UBC Theses and Dissertations
A feasibility study for the private development of a retirement village in Metropolitan Vancouver Boaden, Bruce Geoffrey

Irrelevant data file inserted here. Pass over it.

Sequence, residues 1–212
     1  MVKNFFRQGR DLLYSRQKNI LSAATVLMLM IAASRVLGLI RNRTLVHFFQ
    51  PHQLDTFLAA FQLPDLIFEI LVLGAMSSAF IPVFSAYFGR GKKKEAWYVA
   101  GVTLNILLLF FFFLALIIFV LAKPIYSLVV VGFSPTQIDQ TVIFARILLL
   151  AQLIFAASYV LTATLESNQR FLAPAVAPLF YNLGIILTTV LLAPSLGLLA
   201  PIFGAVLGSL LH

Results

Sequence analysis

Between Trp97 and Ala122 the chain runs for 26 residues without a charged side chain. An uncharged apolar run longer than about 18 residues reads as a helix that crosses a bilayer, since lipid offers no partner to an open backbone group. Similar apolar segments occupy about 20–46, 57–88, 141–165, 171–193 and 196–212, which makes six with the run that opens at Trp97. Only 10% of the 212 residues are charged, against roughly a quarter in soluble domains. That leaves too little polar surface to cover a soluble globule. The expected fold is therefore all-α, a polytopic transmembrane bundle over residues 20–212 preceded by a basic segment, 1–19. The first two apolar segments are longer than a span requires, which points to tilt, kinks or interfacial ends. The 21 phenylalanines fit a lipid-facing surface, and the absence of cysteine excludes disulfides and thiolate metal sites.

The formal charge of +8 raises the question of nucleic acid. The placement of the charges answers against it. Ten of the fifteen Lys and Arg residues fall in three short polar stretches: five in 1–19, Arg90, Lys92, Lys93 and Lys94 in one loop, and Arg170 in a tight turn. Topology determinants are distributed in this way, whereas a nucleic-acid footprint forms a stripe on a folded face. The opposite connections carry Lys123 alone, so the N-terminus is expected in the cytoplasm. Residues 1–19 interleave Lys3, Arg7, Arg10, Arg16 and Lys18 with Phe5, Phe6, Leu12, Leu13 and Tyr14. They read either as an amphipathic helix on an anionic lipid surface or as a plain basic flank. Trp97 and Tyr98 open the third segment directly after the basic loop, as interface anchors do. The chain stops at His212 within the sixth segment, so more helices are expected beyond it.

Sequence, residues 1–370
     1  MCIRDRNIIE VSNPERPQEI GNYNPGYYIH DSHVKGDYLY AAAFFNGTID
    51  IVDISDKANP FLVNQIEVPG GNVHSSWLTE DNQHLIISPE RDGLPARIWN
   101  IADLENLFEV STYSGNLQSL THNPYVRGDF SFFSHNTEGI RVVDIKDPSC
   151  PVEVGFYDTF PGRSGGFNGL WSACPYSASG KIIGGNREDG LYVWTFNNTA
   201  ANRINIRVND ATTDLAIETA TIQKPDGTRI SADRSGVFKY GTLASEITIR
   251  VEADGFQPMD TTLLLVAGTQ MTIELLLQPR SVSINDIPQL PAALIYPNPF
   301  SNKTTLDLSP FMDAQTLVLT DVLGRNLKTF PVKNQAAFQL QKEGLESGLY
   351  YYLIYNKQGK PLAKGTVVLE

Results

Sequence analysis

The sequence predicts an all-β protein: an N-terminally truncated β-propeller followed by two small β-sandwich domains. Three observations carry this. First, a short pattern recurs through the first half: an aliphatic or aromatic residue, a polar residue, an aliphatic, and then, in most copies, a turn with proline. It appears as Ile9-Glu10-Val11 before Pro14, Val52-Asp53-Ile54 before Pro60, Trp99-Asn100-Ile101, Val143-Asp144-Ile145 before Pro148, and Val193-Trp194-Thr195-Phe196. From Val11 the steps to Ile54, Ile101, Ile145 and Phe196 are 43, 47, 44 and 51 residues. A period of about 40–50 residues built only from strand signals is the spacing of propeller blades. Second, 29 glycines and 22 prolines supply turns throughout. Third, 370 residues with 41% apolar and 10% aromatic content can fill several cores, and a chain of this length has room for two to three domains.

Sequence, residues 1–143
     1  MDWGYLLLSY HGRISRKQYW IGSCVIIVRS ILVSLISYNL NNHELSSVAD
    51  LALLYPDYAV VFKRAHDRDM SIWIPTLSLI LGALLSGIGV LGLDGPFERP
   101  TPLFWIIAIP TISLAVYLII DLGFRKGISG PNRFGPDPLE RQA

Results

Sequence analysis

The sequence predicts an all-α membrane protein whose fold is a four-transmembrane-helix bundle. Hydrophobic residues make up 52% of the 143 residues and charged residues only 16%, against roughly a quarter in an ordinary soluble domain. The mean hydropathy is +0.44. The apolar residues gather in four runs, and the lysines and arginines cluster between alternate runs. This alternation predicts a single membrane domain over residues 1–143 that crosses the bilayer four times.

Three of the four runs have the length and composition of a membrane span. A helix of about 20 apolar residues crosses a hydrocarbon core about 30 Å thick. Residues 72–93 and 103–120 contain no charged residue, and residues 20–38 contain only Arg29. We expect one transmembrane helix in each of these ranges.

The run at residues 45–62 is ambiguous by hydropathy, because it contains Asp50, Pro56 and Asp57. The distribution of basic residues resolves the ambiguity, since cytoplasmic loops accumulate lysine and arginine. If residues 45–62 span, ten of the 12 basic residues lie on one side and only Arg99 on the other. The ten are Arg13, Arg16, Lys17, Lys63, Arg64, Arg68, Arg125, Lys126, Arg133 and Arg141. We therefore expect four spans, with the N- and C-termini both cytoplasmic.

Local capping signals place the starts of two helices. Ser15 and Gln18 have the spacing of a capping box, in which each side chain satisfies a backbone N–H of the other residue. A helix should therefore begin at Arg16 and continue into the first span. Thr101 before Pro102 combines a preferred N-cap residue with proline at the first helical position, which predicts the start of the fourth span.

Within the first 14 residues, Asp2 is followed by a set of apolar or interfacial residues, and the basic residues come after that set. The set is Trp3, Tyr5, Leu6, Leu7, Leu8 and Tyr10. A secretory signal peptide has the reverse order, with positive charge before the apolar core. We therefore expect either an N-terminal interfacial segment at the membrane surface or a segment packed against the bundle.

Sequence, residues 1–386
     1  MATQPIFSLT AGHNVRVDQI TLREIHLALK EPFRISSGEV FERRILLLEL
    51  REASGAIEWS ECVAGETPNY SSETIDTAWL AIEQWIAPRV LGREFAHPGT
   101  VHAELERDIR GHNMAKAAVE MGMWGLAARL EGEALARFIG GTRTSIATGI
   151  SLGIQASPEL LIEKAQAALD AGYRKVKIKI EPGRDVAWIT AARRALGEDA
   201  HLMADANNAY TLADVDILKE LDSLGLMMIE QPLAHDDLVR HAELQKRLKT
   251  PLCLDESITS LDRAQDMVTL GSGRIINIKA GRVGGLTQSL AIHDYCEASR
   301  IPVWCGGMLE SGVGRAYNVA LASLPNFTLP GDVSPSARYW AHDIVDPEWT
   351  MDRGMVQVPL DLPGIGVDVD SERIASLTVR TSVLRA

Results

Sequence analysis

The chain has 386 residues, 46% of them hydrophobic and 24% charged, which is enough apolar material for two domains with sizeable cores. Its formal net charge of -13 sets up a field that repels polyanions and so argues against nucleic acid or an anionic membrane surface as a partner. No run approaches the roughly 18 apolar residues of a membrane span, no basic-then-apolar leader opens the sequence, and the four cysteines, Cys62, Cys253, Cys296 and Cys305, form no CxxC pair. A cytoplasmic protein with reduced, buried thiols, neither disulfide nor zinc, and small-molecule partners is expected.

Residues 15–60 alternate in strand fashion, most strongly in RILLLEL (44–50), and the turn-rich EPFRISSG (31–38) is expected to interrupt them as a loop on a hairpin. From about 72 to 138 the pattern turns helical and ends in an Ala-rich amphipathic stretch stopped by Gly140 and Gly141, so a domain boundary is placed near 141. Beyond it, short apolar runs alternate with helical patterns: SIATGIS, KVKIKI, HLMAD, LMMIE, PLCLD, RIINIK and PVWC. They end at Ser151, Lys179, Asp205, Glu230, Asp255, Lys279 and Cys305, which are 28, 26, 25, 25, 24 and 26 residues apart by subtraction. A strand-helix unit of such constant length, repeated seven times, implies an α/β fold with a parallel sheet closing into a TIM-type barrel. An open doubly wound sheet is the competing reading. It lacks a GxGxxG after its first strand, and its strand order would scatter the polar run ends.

The purpose of this study is to examine the nature and extent of housing demand in Metropolitan Vancouver attributable to people over the age of fifty-five. This is to be done in order to verify whether or not the private development of a specified retirement village in Vancouver would be financially feasible and prove to be a profitable investment. In this study, a retirement village is defined to be a planned, low density development of permanent buildings designed to house "active" adults over the age of fifty-five and equipped to provide a wide range of services and leisure activities. This concept of a retirement village is distinct from the many housing developments for the elderly initiated by different non-profit organizations in Canada. The body of this paper involves three broad areas of study, each interrelated. These include an analysis of the potential market, the selection of a suitable location, and an examination of the financial implications of such a development. In order to understand the nature of the problem, it was necessary to make considerable use of research findings regarding the habits and the needs of the elderly. In addition to this, the characteristics of many of the retirement villages in the United States fitting our definition, were examined. Many features common to most of these villages were incorporated in the general design of the village proposed in this study. Initially, the market analysis involves consideration of the general housing demand and supply situation in Metropolitan Vancouver. Particular reference is then made to the characteristics of the elderly and the part they play in total housing demand. Selection of a suitable location for the proposed village is made on the basis of a number of criteria previously formulated. The financial analysis involves estimates of capital cost, operating expenses and revenues, and net cash flows. From these, expected equity yields are then calculated under various assumptions regarding the cost of debt capital, the retention period, and the reversion value. The results of these analyses indicate that Metropolitan Vancouver holds considerable market potential for the development of a retirement village of the type proposed in the study. While there are many feasible locations in Vancouver for the village, the city of White Rock meets the stated criteria adequately and is suggested as the ideal location. The expected profitability of the proposed development is not easily stated as it is dependent upon a number of assumptions. Yields on equity indicate a wide range of possibilities showing the village to be unprofitable under some assumptions and extremely profitable under others.